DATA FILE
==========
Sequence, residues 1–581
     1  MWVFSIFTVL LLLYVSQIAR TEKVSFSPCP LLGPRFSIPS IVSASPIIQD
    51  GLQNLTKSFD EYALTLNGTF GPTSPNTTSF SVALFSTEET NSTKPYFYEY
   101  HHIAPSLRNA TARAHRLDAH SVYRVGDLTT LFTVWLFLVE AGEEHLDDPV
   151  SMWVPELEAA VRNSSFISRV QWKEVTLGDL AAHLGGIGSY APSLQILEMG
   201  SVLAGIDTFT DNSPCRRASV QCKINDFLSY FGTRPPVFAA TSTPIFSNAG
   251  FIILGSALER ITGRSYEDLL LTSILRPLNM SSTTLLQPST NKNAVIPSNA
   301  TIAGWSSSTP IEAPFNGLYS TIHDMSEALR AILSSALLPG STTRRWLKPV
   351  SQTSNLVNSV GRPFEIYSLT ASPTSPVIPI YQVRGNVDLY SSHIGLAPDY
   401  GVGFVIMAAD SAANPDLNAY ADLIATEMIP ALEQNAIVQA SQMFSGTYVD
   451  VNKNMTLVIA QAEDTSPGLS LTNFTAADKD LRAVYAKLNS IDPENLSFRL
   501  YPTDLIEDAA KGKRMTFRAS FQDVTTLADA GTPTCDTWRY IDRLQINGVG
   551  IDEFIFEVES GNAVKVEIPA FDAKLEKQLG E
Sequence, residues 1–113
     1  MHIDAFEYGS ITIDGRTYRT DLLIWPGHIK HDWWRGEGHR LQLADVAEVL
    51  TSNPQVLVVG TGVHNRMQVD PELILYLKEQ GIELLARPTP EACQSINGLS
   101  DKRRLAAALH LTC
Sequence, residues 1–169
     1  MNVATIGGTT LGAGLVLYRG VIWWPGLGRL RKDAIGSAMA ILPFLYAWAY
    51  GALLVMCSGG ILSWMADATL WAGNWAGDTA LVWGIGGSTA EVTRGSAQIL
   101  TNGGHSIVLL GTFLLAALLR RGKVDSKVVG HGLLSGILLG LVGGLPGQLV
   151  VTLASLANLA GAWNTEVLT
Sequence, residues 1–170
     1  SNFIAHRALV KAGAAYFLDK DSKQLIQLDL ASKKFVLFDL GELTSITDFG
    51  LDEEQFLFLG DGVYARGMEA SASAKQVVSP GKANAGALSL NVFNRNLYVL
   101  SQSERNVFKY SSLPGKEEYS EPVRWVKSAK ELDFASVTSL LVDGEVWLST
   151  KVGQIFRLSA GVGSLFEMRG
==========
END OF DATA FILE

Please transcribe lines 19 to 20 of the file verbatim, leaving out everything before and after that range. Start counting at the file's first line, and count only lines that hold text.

     1  MNVATIGGTT LGAGLVLYRG VIWWPGLGRL RKDAIGSAMA ILPFLYAWAY
    51  GALLVMCSGG ILSWMADATL WAGNWAGDTA LVWGIGGSTA EVTRGSAQIL